The Art of Parting Stone: Justin Crowe on the Path that Led Him to Shark Tank
It’s been a minute since Connecting Directors has caught up with our friend and former Managing Editor Justin Crowe — but boy, was it worth the wait! Crowe’s first three years as the creator of solidified remains and founder and CEO of Parting Stone have been a whirlwind of fundraising, educating, and growth in every aspect of the word, and we predict that 2023 will be one of the most exciting in the unique company’s extraordinary history.
“Parting Stone is doing really well,” Crowe explains. “We had a record sales month in March and hit a a new record in production efficiency. We just closed a $2 million series A in January and we’re in the closing process for a $2 million loan that’s going completely toward R&D and process improvements.”
Parting Stone partners
The pursuit of funding is a given for every growing startup, but the success of solidified remains has made Parting Stone an attractive partner for investors like the Schoedingers and InvoCare of Australia.
“I’m excited to have the Schoedingers on board — Randy, Mike, and Kevin,” Crowe says. “They are icons and thought leaders of the funeral industry and we’ve already learned a lot from them..We’re also pumped about Australia – we’ve partnered with Invocare and we’re working on opening the laboratory in Newcastle, New South Wales. It’s on track to open in early 2024.”
Invocare, which recently turned down an unsolicited buyout offer from TPG Capital, serves roughly one-quarter of Australia’s deathcare market.
“This gives us immediate 25% market saturation,” Crowe explains. “Our go-to market in Australia will be far faster and far more effective because Invocare is experienced and motivated as a business partner to maximize the success of solidified remains as an option across Australia. Australia’s notorious for being early deathcare technology and practice adopters, which we love.”
Where they belong
It’s no mistake that Crowe describes Parting Stone’s offering as a “service” He understands that introducing something as new and innovative as solidified remains requires some explanation and education. Accordingly, since 2019, Crowe has traveled the country visiting with funeral professionals to ensure they understand that solidified remains are a form of remains and not a product.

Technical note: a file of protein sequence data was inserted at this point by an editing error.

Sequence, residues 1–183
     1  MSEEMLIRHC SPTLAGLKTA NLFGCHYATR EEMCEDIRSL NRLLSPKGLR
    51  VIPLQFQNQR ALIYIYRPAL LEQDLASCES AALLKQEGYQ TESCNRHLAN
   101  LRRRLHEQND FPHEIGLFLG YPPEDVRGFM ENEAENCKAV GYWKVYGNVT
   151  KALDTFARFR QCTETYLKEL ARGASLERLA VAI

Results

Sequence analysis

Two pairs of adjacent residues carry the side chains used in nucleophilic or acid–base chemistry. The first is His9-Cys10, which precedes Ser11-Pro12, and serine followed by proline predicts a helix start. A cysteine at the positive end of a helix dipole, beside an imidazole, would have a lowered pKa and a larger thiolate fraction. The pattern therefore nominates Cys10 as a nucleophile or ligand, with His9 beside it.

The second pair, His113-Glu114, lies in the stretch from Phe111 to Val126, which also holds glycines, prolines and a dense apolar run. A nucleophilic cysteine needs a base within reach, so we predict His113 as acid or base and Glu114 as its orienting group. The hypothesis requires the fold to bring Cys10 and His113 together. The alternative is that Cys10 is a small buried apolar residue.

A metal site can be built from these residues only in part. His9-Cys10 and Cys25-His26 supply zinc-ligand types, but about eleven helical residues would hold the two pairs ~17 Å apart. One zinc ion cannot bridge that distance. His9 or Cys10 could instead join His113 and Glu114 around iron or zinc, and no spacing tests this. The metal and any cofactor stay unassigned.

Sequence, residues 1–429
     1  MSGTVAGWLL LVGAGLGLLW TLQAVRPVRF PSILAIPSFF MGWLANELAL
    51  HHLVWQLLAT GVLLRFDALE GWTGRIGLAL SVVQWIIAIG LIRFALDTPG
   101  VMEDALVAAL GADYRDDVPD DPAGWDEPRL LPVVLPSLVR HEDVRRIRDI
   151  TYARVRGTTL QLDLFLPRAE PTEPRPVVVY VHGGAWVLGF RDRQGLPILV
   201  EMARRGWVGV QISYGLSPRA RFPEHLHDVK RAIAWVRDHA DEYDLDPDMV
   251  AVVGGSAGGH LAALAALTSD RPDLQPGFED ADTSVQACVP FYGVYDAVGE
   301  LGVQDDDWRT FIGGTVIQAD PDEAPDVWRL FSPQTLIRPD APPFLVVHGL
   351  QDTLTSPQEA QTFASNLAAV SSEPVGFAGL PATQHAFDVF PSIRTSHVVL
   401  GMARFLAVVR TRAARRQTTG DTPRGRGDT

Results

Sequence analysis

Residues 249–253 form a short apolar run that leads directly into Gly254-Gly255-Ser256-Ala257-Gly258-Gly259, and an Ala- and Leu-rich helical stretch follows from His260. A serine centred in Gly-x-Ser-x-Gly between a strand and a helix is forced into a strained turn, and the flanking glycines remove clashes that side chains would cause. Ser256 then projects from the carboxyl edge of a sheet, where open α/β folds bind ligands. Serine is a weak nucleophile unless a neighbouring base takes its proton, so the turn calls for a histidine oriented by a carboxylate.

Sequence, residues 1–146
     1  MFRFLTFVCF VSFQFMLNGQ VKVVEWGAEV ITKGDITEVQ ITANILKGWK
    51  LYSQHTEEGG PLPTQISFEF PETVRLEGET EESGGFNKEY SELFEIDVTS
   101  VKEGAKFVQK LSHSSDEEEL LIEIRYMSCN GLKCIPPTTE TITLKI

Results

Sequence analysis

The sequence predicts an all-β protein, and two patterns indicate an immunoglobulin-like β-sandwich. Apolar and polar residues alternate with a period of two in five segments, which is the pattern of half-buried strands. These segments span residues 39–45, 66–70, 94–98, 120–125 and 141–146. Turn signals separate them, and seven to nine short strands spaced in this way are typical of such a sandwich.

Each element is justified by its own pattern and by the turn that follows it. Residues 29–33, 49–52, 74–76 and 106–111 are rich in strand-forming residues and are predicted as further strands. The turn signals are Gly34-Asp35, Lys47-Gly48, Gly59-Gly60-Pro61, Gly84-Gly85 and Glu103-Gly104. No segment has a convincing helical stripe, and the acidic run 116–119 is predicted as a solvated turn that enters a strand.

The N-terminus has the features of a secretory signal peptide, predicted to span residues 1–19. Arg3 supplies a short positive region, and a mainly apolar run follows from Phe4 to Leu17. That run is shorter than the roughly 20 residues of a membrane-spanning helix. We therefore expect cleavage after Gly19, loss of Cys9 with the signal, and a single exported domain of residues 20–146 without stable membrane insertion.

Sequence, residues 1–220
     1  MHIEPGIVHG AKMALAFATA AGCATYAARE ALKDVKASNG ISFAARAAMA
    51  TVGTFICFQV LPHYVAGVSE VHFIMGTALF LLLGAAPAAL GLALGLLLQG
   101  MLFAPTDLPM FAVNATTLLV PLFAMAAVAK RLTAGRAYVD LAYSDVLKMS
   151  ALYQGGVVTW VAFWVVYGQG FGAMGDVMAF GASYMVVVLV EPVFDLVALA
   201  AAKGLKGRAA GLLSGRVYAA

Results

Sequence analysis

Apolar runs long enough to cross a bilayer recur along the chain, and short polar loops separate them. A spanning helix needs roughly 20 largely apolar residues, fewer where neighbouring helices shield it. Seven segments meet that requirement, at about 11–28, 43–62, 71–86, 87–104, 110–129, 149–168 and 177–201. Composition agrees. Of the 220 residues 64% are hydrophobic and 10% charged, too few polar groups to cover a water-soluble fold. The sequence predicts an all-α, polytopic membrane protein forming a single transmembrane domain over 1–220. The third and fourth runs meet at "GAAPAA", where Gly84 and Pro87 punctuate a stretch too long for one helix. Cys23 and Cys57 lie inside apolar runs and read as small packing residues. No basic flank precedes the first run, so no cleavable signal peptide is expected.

“I see solidified remains sitting next to the ashes and glass products, and they ask why they aren’t selling,” Crowe says. “And I say, because this is not a product. They need to put this in the arrangement room and ask every family, ‘Would you like to receive ashes or stones following cremation?’ And if they do that, families will understand what it is and the value it brings.”
More and more families are understanding that value, though, and appreciating the options solidified remains afford. Just as they would with cremation ashes, they’re scattering the stones created by Parting Stone’s process — and sharing their experiences with the Parting Stone team.
“We received a really sweet, funny letter from a family recently,” Crowe shares. “She talks about all the places she left her husband’s stones, like the forests and lakes where they traveled. She told a story about leaving him on a beautiful beach with a lighthouse. As she was walking away, she heard a kid go, ‘Mom, look at this smooth rock!’ They picked him up, and when she went back he was gone. She just wrote that her husband was on another adventure.”
For Crowe, stories like these validate his vision of what Parting Stone could provide — a form of remains that families can hold, touch, and feel as they remember their loved one. Looking back, he can better appreciate all the significant stops on the path that led him to this point.